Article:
Health Law
Jan 2006

When Does the Malpractice Tort Clock Start Ticking?

Faith Lagay, PhD
Virtual Mentor. 2006;8(1):38-41. doi: 10.1001/virtualmentor.2006.8.1.hlaw1-0601.


When it reached the Massachusetts Supreme Court, the case of Franklin v Albert [1] asked a specific question: how long after an alleged medical error can the person who claims injury file and pursue a malpractice suit? The question and the Massachusetts court's answer have gained importance in an era of widespread screening for asymptomatic disease. If a patient suffers harm as the result of an error in prescribing or a mistake during surgery, that harm is known to the patient or others soon afterward, certainly well before the time limit expires for filing personal injury claims in most jurisdictions. But if a mammogram, say, or a lung CT is misread as negative for cancer, that person has no way of knowing about the mistake, perhaps not until he or she develops symptoms. If the individual who was tested develops the disease years later—as happened to Peter Franklin—can he or she still sue the radiologist who misread the image? Within how many years after the x-ray or other scan took place must the claim be brought? That is the question that Franklin v Albert asked the court.

Peter Franklin's Case

Peter Franklin was a second-year medical student when he checked into Massachusetts General Hospital in January 1974 to have his wisdom teeth extracted under general anesthesia. He was experiencing some chest pain at the time, so a chest x-ray was ordered. Franklin underwent the oral surgery and was discharged 2 days after his admission by Thomas Albert, a resident, who noted on the discharge summary that Franklin's presurgery chest x-ray had been normal.

In January 1978, Franklin returned to Mass General for a chest x-ray, this time because he had flu-like symptoms. On this occasion, the x-ray showed "an enormous tumor filling Peter's chest, compressing his lungs from the middle and pushing outward" [2]. Franklin was diagnosed with Hodgkins disease. Surprised that the disease had progressed to such an advanced stage without detection, Franklin's father, a physician who was also on staff at Mass General, had 1 of the radiologists pull his son's 1974 x-ray. Not only did this radiologist find evidence of a mass in the earlier film, he found that the radiologist who had read it in 1974 had also noted "an apparent left superior mediastinal widening" and had recommended further evaluation of the abnormality [3].

Peter Franklin's disease, which might have been cured by radiation had it been diagnosed 4 years earlier, required months of chemotherapy and high doses of radiation. A new chemotherapy regimen was employed to combat the resistant malignancy and so weakened Franklin's immune system that he suffered a severe viral infection of the lungs, forcing him to take a leave of absence from medical school [4]. Franklin brought suit against Dr. Albert and Mass General 6 months after discovering the 1974 radiology report. The attorneys for defendants Albert and Massachusetts General Hospital asked the court for summary judgment—that is, a decision in their favor that precluded the need for trial—because, under Massachusetts General Law, suits for medical harm had to be brought within 3 years of the injury. Inasmuch as 4 years and 6 months had elapsed between the 1974 x-ray and the 1978 suit, the trial court granted Albert and the hospital the summary judgment they requested.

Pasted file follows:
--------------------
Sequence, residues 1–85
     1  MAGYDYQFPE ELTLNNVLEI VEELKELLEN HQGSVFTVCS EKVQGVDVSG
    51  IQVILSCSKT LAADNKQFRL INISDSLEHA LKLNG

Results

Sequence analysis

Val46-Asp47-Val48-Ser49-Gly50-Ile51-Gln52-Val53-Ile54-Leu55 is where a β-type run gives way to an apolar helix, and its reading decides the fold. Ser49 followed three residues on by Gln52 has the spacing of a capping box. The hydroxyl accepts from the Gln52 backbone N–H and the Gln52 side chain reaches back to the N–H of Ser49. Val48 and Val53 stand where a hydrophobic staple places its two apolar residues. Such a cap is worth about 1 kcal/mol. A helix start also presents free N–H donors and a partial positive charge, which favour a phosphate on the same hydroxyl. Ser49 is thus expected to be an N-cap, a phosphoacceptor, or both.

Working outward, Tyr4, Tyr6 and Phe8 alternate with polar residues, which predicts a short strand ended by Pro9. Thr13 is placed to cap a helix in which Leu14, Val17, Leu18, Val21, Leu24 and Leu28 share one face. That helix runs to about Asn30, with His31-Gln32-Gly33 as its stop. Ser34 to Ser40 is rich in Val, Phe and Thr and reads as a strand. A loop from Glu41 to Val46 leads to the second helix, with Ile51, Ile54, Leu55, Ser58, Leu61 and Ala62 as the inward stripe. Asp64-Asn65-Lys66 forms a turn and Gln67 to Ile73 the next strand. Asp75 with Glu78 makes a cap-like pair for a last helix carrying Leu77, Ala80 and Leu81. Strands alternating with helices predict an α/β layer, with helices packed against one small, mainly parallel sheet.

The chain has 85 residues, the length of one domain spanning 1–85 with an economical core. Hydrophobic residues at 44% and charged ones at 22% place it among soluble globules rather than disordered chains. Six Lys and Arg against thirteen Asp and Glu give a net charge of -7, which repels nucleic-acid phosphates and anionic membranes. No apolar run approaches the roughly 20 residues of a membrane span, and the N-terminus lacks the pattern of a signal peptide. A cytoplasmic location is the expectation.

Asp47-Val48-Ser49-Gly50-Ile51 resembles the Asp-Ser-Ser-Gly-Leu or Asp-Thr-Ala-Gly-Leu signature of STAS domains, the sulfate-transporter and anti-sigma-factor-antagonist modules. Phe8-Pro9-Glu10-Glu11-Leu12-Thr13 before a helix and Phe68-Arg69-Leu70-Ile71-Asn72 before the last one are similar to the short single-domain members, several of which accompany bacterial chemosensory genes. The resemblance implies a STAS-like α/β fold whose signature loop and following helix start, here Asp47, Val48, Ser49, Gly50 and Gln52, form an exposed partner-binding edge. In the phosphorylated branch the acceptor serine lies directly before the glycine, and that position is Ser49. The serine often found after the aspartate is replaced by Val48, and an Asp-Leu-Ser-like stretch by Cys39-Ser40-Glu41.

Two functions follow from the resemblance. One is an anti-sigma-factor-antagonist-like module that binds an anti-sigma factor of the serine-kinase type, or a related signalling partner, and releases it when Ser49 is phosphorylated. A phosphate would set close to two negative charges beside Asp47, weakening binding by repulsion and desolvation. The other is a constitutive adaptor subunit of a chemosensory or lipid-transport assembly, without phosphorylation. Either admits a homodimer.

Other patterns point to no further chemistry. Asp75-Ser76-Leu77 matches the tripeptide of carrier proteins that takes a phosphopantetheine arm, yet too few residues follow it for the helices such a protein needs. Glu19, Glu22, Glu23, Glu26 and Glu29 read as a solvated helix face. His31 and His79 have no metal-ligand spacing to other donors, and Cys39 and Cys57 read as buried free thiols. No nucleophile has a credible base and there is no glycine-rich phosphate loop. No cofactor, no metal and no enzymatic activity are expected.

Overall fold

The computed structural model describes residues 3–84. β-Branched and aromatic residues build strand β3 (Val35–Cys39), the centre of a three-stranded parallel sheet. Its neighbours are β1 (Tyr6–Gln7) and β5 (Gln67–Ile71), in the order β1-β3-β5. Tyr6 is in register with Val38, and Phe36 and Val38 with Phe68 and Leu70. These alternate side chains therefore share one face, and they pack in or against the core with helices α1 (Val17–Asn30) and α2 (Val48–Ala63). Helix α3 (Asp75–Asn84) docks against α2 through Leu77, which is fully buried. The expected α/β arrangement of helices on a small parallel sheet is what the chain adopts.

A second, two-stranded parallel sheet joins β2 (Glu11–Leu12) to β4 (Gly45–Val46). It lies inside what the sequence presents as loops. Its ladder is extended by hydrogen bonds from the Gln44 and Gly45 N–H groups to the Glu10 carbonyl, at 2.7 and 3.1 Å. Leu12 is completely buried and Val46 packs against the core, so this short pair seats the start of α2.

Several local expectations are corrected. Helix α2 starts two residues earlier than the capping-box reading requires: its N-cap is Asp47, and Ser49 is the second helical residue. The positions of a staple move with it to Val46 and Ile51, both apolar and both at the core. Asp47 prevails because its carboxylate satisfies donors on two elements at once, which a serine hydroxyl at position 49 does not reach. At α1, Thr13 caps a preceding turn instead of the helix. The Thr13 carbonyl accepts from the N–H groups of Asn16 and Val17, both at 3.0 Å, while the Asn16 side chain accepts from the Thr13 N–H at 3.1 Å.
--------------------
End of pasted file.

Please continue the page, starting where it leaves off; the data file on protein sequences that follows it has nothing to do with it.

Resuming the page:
When Does the Cause-of-Action "Accrue"?

In the words of chapter 206, section 4 of Massachusetts General Law, as amended in 1965, "actions of…tort for malpractice, error or mistake against physicians, surgeons, ...hospitals…shall be commenced only within 3 years next after the cause of action accrues" [5]. The trial court that first heard the Franklin case had relied upon that section of the General Law and also upon a precedent case, Pasquale v Chandler [6], to determine at what point that cause-of-action clock began to tick away the 3 years. The Pasqualecourt had ruled in 1966 that the cause of action "accrues" at the time the malpractice takes place and "not when the actual damage results or is ascertained" [7]. In Franklin's case that meant that the statute of limitations clock had begun ticking when the January 1974 x-ray was taken and had expired 3 years later in January 1977, 1 year before Peter's symptoms led to the second x-ray and the Hodgkins diagnosis.

Looking at these facts, the Massachusetts Supreme Court recognized that the Pasquale decision could deprive injured parties of access to remedy before they were even aware that they had been harmed. Such a ruling was unjust in the view of that court, which decided instead that "a cause of action for medical malpractice accrues when the plaintiff learns, or reasonably should have learned, that he has been harmed by the defendant's conduct" [8]. There was no "reasonable" way that Peter Franklin could have learned, upon leaving the hospital after oral surgery in 1974, that he had been harmed by Dr. Albert's inaccurate discharge summary of the chest x-ray.